Defendant Batton states that “Freiden, who supervised the warehouse, would have been responsible for issuing mattresses.” (Id. ¶ 4.) To receive a new mattress, “inmates would submit request slips to the warehouse and their names would then be placed on a list for replacement mattresses.” (Id. ¶ 5.) “[I]nmates could either turn requests into a mailbox or have the requests hand-delivered to him, and he would then take the requests to the relevant departments.” (Id. ¶ 7.) Nonetheless, “if he was made aware of a mattress that was in disrepair, he would have done what he could to get the inmate another mattress-by exchanging it with a mattress from an unoccupied bed and/or by forwarding an inmate request to the warehouse.” (Id. ¶ 16.) Regarding the procedures at Hill for reporting broken bed springs, Batton states that “inmates can inform correctional staff of any maintenance issues they experience with the facilities or utilities in their cells.” (Id. ¶ 9.) The staff would then “submit a work order to maintenance for any mattresses that had defective bed springs.” (Id. ¶ 10.)

         On October 15, 2014, Plaintiff sent an affidavit to Defendant Freiden and the maintenance office asking for a new mattress because his “old mattress [did] not protect[] [him] from the springs during the night.” (Pl.'s Resp., Ex. D.) He requested a new mattress and for someone to come and fix the bed springs. (Id.) On October 24, 2014, Plaintiff filed a grievance, complaining about his mattress and stating that he sent four requests to the warehouse, which were all ignored. (Pl.'s Resp., Ex. D1.) The grievance counselor responded in writing, “Mattresses are to be shown to a security staff who will determine if it needs to be replaced.” (Id.)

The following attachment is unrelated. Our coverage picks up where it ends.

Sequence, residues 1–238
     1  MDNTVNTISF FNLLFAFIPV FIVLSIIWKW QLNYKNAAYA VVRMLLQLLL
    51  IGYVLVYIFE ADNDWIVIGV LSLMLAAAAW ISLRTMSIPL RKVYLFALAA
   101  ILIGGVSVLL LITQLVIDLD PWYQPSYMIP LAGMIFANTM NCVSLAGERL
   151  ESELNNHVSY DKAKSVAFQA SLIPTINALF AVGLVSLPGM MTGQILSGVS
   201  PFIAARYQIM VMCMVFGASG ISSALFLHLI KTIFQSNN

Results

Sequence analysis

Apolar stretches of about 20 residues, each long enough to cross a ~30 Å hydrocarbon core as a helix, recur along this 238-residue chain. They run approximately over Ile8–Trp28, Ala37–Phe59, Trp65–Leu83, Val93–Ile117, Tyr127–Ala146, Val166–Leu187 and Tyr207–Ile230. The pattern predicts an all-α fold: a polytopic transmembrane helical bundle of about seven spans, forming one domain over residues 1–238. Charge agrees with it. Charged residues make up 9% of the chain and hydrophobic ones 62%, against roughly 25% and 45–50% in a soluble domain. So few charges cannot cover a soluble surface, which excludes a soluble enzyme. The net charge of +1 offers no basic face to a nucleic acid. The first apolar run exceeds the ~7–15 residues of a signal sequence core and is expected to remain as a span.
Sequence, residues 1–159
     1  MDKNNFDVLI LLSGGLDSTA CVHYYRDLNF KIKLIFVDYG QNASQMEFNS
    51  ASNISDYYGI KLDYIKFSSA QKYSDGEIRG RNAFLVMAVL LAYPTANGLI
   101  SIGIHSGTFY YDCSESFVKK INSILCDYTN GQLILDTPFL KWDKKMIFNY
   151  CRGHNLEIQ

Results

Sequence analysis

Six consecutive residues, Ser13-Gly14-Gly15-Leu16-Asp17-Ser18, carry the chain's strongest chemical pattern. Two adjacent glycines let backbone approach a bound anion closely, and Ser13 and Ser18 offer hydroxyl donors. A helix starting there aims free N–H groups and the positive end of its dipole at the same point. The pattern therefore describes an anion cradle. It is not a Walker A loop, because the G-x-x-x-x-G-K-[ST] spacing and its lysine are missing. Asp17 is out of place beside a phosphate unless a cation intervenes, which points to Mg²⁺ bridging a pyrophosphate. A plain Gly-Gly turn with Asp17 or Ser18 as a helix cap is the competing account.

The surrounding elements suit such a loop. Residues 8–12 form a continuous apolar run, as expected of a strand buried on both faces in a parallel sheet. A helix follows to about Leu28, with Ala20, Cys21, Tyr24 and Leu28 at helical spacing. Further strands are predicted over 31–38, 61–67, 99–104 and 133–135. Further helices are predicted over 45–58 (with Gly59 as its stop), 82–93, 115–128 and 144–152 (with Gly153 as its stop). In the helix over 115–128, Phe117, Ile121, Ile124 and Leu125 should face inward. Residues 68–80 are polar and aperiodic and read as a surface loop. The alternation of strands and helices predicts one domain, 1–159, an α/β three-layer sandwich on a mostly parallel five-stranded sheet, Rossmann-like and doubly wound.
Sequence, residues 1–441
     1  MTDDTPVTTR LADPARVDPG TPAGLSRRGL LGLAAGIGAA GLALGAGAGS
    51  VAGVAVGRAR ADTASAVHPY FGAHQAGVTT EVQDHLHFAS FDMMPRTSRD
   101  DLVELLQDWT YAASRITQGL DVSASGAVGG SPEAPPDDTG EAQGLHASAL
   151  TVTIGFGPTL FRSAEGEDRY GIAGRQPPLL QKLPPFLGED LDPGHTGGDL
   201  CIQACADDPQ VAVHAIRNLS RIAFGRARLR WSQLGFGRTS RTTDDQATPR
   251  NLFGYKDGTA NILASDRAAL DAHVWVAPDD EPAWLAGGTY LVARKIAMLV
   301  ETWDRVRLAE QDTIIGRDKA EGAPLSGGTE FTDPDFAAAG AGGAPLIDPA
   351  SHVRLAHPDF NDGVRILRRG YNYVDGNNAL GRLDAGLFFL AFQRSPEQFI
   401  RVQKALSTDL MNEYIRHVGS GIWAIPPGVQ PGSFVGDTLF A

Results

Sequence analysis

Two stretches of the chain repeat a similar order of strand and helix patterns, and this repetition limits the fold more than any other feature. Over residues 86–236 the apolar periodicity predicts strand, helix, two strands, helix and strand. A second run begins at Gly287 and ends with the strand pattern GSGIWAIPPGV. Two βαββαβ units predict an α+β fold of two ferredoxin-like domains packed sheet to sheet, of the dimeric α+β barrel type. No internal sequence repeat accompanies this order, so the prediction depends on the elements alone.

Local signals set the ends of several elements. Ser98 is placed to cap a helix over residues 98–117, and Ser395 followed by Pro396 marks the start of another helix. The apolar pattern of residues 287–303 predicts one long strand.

During the relevant time period, Defendant Oelberg was employed as a correctional sergeant at Hill. (Oelberg Interrog. ¶ 1, ECF No. 73-6.) Plaintiff states that Oelberg worked on the gallery where he was housed. (Pl.'s Dep. 58:1-8.) On October 27, 2014, Plaintiff “begged” Oelberg for a new mattress, but Oelberg ignored him. (Id. at 54:4-12.) Plaintiff submits an affidavit from another inmate who translated for Plaintiff when he spoke to Oelberg. (Aguirre Aff., Pl.'s Resp., Ex. G.) The inmate testified he told Oelberg that Plaintiff needed a new mattress because Plaintiff's mattress was old and the bed springs were making holes in the mattress. (Id.) Oelberg told Plaintiff that he could not get a new mattress because there ...